Michael J. Rosen, MD, MSCI

Attending Physician, Division of Gastroenterology, Hepatology and Nutrition

Physician, Schubert-Martin Inflammatory Bowel Disease Center

Academic Affiliations

Assistant Professor, UC Department of Pediatrics

Phone 513-803-7044

Email michael.rosen@cchmc.org


Pediatric gastroenterology; pediatric inflammatory bowel disease


Mucosal immunology; epithelial biology; clinical pharmacology

Michael J. Rosen, MD, MSCI, focuses his career on the clinical care of children with inflammatory bowel disease (IBD), and to research aimed at better understanding the causes of chronic inflammation in childhood IBD. The primary focus of Dr. Rosen's laboratory is on the contribution of type 2 (th2) inflammation to pediatric colitis. Studies from Dr. Rosen’s lab have elucidated the roles of the type 2 transcription factor STAT6 and the type 2 cytokine IL-33 in ulcerative colitis. Dr. Rosen also leads an ongoing multi-center study to identify determinants of response to anti-TNF therapy in children hospitalized with acute severe ulcerative colitis.

Dr. Rosen's research has been funded by the National Institutes of Health, the Crohn's & Colitis Foundation of America (CCFA), the North American Society for Pediatric Gastroenterology, Hepatology and Nutrition (NASPGHAN), and the American College of Gastroenterology. Dr. Rosen serves on the editorial board of the journal Inflammatory Bowel Diseases. He is co-chair of the the Pediatric Affairs Committee for the CCFA and serves on the CCFA National Scientific Advisory Committee. His a past recipient of the NASPGHAN Fellow to Faculty Transition Award in IBD and the George Ferry Young Investigator Award.

MD: Harvard Medical School, Boston, MA, 2003.

Residency: Boston Combined Residency Program in Pediatrics (Boston Children's Hospital and Boston Medical Center), Boston, MA, 2003-2006.

Fellowship: Pediatric Gastroenterology, Hepatology, and Nutrition, Vanderbilt University Medical Center and the Monroe Carell, Jr. Children's Hospital at Vanderbilt, Nashville, TN, 2006-2009.

Masters of Science in Clinical Investigation (MSCI): Vanderbilt University School of Medicine, Nashville, TN, 2009.

Certification: Pediatrics, 2007; Pediatric Gastroenterology, Hepatology and Nutrition, 2009.

View PubMed Publications

Waddell A, Vallance JE, Moore PD, Hummel AT, Shanmukhappa SK, Wu D, Fei L, Washington MK, Minar P, Coburn L, Nakae S, Wilson KT, Denson LA, Hogan SP, Rosen MJ. IL-33 signaling protects from murine oxazolone colitis by supporting intestinal epithelial function. Inflammatory Bowel Diseases. 2015; 21(12):2737-46.

Rosen MJ, Minar P, Vinks AA. Review Article: Applying Pharmacokinetics to Optimize Dosing of Anti-TNF Biologics in Acute Severe Ulcerative Colitis. Alimentary Pharmacology and Therapeutics. 2015;41(11):1094-103.

Rosen MJ, Dhawan A, Saeed SA. Inflammatory Bowel Disease in Children and Adolescents. JAMA Pediatrics. 2015;169(11):1053-60.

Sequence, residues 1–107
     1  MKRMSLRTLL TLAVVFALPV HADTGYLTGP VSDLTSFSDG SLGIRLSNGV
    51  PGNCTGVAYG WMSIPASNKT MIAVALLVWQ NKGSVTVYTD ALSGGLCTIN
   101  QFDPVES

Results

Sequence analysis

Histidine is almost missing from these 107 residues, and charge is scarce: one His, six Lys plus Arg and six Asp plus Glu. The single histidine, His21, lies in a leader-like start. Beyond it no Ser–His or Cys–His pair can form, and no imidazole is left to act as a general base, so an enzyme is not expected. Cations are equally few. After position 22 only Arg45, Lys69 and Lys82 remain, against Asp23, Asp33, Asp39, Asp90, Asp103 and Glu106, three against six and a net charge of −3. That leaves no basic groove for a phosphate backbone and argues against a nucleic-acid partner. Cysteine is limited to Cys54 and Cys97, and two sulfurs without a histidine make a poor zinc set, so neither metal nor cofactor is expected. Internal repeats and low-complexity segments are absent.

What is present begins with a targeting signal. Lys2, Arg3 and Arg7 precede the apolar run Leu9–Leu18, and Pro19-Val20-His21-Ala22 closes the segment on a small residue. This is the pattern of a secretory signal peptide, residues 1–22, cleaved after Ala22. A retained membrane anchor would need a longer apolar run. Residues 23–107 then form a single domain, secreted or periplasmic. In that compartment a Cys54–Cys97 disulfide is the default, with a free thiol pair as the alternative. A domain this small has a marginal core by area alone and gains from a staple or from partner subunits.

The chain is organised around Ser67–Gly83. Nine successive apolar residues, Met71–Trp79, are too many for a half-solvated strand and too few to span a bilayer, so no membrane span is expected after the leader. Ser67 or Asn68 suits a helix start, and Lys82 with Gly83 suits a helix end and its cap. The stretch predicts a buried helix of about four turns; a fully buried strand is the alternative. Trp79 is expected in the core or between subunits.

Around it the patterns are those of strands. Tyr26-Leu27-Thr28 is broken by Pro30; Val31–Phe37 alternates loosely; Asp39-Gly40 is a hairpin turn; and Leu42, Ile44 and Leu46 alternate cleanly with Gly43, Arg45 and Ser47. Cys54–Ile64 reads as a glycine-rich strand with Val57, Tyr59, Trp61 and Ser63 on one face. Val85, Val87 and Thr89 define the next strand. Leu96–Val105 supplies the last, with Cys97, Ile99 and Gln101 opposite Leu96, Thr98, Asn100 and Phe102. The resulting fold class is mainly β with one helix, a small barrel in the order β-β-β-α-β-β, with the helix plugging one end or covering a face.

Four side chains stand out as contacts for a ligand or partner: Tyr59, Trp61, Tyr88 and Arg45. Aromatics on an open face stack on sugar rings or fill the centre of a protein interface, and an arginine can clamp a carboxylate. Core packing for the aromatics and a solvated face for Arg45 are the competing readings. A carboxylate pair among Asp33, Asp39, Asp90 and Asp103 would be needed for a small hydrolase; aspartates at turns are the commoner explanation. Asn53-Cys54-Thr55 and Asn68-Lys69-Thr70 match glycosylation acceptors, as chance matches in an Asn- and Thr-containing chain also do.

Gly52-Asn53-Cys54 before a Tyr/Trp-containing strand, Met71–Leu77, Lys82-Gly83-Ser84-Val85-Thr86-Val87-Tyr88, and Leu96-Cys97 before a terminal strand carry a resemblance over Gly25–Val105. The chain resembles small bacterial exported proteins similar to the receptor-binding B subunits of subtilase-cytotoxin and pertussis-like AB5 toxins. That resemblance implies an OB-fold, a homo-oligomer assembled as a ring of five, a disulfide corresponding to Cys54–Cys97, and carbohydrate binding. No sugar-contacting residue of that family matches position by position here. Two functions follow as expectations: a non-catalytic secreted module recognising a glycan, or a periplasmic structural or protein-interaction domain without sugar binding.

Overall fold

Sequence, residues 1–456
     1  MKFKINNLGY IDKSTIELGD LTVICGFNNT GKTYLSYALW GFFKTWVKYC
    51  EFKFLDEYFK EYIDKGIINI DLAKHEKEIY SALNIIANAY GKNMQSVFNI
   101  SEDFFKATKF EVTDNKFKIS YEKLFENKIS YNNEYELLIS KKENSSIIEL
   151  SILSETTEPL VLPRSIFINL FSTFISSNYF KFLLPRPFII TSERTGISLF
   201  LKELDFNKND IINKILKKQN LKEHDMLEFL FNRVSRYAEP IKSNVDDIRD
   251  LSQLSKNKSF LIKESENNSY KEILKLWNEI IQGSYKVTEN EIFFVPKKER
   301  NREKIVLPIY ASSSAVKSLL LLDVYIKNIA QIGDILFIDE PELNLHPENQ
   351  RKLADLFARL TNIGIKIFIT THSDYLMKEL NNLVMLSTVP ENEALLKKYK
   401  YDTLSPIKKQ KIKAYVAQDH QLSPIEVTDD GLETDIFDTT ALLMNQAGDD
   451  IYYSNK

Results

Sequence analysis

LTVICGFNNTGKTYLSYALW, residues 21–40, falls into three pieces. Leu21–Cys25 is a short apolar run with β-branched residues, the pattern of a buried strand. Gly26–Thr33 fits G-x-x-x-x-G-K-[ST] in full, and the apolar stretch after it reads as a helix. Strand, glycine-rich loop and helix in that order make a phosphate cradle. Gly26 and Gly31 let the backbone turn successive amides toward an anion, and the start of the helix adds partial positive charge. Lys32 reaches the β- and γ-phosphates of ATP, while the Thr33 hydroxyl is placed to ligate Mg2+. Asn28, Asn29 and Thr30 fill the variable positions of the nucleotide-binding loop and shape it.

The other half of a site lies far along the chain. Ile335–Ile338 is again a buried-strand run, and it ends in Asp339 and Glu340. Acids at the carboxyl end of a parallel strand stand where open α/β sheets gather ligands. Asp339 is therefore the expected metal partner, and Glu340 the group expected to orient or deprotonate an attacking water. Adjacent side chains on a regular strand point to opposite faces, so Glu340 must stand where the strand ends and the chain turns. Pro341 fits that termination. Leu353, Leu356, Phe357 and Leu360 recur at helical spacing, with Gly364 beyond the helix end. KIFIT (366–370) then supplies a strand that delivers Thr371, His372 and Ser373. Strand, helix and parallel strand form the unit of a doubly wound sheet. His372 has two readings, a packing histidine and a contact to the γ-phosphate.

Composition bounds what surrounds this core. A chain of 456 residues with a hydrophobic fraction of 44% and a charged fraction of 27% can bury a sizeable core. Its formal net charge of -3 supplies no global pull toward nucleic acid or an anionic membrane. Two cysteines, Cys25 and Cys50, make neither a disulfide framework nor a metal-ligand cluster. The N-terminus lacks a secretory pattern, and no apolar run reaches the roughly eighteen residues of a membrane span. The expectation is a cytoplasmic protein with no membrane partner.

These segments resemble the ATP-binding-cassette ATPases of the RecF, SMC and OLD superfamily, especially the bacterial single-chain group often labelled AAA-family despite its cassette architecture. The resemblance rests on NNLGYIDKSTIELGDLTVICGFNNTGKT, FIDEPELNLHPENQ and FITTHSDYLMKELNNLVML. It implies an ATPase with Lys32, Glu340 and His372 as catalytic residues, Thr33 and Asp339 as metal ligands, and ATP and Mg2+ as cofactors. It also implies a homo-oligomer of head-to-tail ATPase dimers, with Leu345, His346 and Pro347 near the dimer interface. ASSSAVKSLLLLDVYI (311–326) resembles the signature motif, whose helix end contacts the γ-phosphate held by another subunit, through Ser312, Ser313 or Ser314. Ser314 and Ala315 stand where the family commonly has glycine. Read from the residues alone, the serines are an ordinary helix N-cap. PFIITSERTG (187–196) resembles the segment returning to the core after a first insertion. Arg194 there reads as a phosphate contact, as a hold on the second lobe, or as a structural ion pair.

Falaiye TO, Mitchell KR, Lu Z, Saville BR, Horst SN, Moulton DE, Schwartz DA, Wilson KT, Rosen MJ. Outcome following infliximab therapy for pediatric patients hospitalized with refractory colitis-predominant inflammatory bowel disease. Journal of Pediatric Gastroenterology and Nutrition. 2014; 58(2):213-9.

Rosen MJ*, Chaturvedi R, Washington MK, Kuhnhein LA, Moore PD, Coggeshall SS, McDonough EM, Weitkamp JH, Singh AB. Coburn LA, Williams CS, Van Kaer L, Peebles RS, Wilson KT. STAT6 activation intensifies disease severity while increasing expression of claudin-2 and Th2-inducing cytokines in murine oxazolone colitis. The Journal of Immunology. 2013; 190(4):1849-1858.

Rosen MJ*, Frey MR, Washington MK, Chaturvedi R, Kuhnhein LA, Matta P, Revetta F, Wilson KT, Polk DB. STAT6 activation in ulcerative colitis: A new target for prevention of IL-13-induced colonic epithelial cell dysfunction. Inflammatory Bowel Diseases. 2011; 17(11):2224-2234.

Rosen MJ, Moulton DE, Koyama T, Morgan WM, Morrow SE, Herline AJ, Muldoon RL, Wise PE, Polk DB, Schwartz DA. Endoscopic Ultrasound to Guide the Combined Medical and Surgical Management of Pediatric Perianal Crohn’s Disease. Inflammatory Bowel Diseases. 2010; 16(3):461-8.

Forcione DG, Rosen MJ, Kisiel JB, Sands BE. Anti-Saccharomyces cerevisiae antibody (ASCA) positivity is associated with increased risk for early surgery in Crohn's disease. Gut. 2004;53:1117-1122.

Sands BE, Arsenault JE, Rosen MJ, et al. Risk of Early Surgery for Crohn's Disease: Implications for Early Treatment Strategies. American Journal of Gastroenterology. 2003;98(12):2712-2718.

Th2 Cytokines and Signaling in Pediatric Inflammatory Bowel Disease. Principal Investigator. National Institutes of Health/National Institute of Diabetes and Digestive and Kidney Diseases (NIH/NIDDK). Mar 2013-Mar 2018.

Anti-TNF Therapy for Refractory Colitis in Hospitalized Children (ARCH). Principal Investigator. Broad Medical Research Program at the Crohn's & Colitis Foundation of America. Mar 2016–Feb 2018.

Impact of ST2 Signaling and IBD Risk Variants on the Intestinal Epithelium. Principal Investigator. National Institutes of Health/National Institute of Diabetes and Digestive and Kidney Diseases (NIH/NIDDK) R03. Jun 2016–May 2018.